Establish the circumstances and qualifying criteria when your practice will discount patient care, and disseminate that information to staff. By outlining your policies on helping low-income patients, patients without insurance, or cancer patients who may need expensive treatments such as reconstructive surgery, for example, staff will have a consistent policy to follow and will treat all patients the same. This will also protect your practice from embezzlement disguised as waived copays or discounts to staff friends and family members.
• Develop a system for establishing and documenting financial hardship in the patient chart.
Many physicians are uncomfortable with discussing money and often pass that task off to front-desk staff. But it shouldn't be done willy-nilly. "If you are going to have someone on your staff deal with it, then you need to give them the guidance and the tools to do that in a fair way," says Sacopulos. He gives his clients a form to use to document patient financial hardship. Because Meigs' practice is designated as a rural health clinic, he says they use a sliding fee schedule for patients who can demonstrate financial need, usually by supplying a tax return.
• Make sure that a section is devoted to your policy on professional courtesy.
It used to be a common occurrence to extend discounts to physician colleagues as a professional courtesy, says Meigs. But given contractual obligations to collect patient copays that tradition has fallen by the wayside for many practices. The key, says Dunn, is to make sure that waiving copays is not a routine policy. "More times I see that [practices] will take that patient portion and discount it. And that discounted part is a professional courtesy, but there is still a balance that is billed to the patient," she says.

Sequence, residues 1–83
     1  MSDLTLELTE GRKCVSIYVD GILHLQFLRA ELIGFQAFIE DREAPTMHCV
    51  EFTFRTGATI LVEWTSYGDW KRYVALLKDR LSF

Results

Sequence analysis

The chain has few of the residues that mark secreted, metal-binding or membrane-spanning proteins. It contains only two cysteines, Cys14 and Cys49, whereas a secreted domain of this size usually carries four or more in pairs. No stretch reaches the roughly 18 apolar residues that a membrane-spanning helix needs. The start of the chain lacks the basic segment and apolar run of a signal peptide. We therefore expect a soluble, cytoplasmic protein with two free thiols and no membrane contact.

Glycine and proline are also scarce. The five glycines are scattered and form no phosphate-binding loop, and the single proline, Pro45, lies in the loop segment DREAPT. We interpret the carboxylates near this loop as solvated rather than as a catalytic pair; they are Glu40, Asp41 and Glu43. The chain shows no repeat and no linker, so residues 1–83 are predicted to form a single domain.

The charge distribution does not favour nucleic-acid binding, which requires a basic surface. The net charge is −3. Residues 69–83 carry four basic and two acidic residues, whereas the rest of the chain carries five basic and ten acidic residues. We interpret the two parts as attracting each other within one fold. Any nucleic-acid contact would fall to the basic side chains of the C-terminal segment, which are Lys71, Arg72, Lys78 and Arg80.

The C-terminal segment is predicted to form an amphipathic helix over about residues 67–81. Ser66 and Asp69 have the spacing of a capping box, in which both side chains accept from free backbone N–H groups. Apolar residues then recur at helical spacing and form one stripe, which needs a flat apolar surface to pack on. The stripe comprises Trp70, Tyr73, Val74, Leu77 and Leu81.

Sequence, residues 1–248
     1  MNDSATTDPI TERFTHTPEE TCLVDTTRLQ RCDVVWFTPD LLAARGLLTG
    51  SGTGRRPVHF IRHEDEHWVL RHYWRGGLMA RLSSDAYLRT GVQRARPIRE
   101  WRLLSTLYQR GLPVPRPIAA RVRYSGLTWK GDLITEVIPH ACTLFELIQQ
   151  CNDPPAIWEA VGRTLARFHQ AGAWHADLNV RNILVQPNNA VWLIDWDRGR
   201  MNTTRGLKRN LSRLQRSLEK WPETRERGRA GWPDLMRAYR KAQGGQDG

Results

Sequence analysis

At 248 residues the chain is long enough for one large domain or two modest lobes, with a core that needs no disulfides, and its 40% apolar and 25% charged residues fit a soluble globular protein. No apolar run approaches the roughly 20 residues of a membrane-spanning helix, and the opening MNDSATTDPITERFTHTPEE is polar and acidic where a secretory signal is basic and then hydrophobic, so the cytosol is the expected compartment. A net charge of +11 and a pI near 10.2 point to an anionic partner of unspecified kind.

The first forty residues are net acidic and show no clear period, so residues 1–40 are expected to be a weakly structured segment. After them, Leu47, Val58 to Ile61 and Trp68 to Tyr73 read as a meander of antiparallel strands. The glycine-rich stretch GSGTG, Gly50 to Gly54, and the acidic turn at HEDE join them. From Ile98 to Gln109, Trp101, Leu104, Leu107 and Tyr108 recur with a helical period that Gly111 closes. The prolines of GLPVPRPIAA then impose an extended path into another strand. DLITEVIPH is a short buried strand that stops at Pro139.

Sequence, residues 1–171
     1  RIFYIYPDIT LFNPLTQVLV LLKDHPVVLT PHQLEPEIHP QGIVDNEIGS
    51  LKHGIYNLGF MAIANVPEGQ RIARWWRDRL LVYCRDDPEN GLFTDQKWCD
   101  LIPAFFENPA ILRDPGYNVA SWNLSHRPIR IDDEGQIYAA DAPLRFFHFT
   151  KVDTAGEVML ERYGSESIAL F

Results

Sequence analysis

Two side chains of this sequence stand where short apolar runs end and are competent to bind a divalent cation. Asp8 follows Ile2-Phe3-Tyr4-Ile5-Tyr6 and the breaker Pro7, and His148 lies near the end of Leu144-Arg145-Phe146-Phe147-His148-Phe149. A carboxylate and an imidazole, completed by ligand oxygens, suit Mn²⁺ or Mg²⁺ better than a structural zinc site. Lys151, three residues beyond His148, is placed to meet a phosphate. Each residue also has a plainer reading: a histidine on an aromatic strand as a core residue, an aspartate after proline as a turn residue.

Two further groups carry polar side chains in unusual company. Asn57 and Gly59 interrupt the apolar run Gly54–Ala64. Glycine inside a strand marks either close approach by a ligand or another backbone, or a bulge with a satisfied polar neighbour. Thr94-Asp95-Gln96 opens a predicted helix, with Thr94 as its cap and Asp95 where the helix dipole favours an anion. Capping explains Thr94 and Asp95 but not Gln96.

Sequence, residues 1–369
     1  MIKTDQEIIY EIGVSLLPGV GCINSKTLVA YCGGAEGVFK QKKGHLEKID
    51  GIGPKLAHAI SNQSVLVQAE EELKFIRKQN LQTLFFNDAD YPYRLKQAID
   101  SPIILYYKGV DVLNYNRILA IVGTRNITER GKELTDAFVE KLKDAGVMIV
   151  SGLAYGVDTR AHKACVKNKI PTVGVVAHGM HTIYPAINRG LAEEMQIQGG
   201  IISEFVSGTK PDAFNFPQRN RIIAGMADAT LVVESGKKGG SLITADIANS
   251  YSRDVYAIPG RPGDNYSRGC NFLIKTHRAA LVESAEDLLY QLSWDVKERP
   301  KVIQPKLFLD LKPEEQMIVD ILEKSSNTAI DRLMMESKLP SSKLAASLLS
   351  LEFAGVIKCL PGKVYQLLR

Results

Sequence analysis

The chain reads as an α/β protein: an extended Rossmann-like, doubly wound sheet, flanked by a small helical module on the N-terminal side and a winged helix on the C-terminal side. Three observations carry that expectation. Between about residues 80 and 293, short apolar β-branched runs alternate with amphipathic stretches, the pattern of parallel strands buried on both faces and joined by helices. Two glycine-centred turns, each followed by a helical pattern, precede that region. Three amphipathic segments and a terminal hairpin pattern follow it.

• Institute a system to consistently make a fair effort at collecting outstanding patient accounts.
A typical policy is to send out three patient statements, says Dunn. If there is no patient response, follow statements with a phone call and/or a collection letter and document your efforts in the patient chart. If done properly and consistently your practice may safely write-off uncollectible copays and/or deductibles, or turn them over to a collections agency. And if the practice is ever audited by Medicare or a private payer, you will have a paper trail easily retrieved from the patient chart.
Providing practice staff with "insurance only" medical care (waiving the patient copay and accepting the insurance reimbursement as payment in full) would likely violate the practice's insurance contracts. However, practices do sometimes discount staff care as a professional courtesy or an employee benefit. While the custom is well-meaning, it can be problematic, according to Michael Sacopulos, a healthcare attorney. "I think [discounting care] is an employee benefit; I've not seen anyone have trouble with that. … The question is do you have to report it as compensation? Technically you are giving them the value of [treatment]," he says.
One way for practices to help staff with medical expenses and avoid running afoul of the IRS is to fund a financial vehicle like a Medical Expense Reimbursement Plan (MERP) that reimburses staff for a portion of their out-of-pocket medical expenses like copays and deductibles, say experts.